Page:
Nature’s Unveiling: Storm Exposes Ash Dieback in Toppled Trees, Reveals Senator

"Storm Isha uncovers extensive ash dieback infection, prompting urgent call for government funding"

Storm Isha has revealed a concerning issue of ash dieback in Ireland, with “hundreds of ash trees” being infected, according to Senator Tim Lombard. He has called on the government to provide funding to local authorities to conduct surveys and remove infected trees. Lombard highlighted that many of the roadside ash trees that fell during the storm appeared healthy but were found to be infected. This realization emphasizes the need for regular inspection of roadside ash trees, as they are common in hedgerows and along roads.

Lombard emphasized that this issue is not only a concern for landowners but also for homeowners who may have ash trees in their gardens. There is a potential liability for both parties. While there is a scheme in place to remove infected trees from ash plantations, there is currently no provision for roadside trees. Lombard called on Minister for Housing, Local Government and Heritage Darragh O’Brien to intervene and establish a special fund for local authorities to carry out surveys and safely remove weakened trees.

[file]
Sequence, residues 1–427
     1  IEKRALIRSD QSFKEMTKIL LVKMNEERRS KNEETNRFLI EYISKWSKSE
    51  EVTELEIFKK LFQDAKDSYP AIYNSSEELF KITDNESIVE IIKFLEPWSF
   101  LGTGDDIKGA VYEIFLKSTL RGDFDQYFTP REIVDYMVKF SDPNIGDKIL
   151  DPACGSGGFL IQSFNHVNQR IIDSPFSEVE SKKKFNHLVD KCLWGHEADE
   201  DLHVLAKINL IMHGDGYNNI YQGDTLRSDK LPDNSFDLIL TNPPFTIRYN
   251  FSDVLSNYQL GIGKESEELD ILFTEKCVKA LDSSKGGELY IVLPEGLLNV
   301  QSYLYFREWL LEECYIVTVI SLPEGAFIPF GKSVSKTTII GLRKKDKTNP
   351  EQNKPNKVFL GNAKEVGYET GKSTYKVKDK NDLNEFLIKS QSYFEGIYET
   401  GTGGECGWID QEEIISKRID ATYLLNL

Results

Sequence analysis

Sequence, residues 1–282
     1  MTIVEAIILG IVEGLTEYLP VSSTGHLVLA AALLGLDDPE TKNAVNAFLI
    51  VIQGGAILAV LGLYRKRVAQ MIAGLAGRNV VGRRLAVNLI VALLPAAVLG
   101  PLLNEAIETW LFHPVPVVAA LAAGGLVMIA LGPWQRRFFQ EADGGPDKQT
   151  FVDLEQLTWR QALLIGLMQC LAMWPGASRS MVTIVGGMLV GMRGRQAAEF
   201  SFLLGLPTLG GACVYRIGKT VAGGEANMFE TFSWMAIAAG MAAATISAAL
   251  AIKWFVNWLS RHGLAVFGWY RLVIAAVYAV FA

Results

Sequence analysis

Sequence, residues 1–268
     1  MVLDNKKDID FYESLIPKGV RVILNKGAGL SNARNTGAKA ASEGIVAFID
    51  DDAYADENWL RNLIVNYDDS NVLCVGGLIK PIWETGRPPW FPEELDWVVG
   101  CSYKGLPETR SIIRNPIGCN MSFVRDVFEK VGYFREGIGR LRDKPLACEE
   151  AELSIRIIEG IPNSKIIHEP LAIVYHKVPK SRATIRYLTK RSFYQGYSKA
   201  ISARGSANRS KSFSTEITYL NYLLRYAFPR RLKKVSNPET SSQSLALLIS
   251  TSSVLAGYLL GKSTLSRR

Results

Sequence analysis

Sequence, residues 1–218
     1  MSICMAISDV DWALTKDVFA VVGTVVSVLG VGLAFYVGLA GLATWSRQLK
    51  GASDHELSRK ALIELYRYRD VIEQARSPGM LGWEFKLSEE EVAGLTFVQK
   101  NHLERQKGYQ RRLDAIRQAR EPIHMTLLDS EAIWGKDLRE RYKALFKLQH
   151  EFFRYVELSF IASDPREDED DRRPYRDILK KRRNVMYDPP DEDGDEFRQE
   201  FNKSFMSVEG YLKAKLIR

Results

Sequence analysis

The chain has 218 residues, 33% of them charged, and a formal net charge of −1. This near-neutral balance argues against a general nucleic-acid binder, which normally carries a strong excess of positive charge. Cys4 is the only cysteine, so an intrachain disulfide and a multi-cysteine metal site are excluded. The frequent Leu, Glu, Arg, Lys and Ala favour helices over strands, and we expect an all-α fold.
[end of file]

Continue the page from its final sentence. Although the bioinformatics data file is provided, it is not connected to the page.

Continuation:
According to Lombard, removing infected trees from roadsides would significantly reduce the threat to health and safety. Fallen trees caused road closures and posed risks during Storm Isha. By minimizing the risk of trees falling, a major hazard can be eliminated from the roads, especially during severe weather conditions like those brought on by Storm Isha and the predicted Storm Jocelyn, as well as future extreme weather events.

As of today, 57,000 ESB customers remain without power following Storm Isha, down from the peak of 235,000 immediately after the storm. The ESB has been working to restore power, with around 178,000 customers having their power restored since yesterday morning. The areas where customers still lack power are mainly in the northwest of the country, including counties Cavan, Donegal, Leitrim, Mayo, and Sligo. However, restoration efforts are likely to be affected by the arrival of Storm Jocelyn, which is expected to bring strong and potentially damaging winds.

Matt Lyons

Matt Lyons

Matt Lyons is the founder of Forestry & Carbon. Matt has over 25 years as a forestry consultant and is invoilved in numerous carbon credit offset projects.

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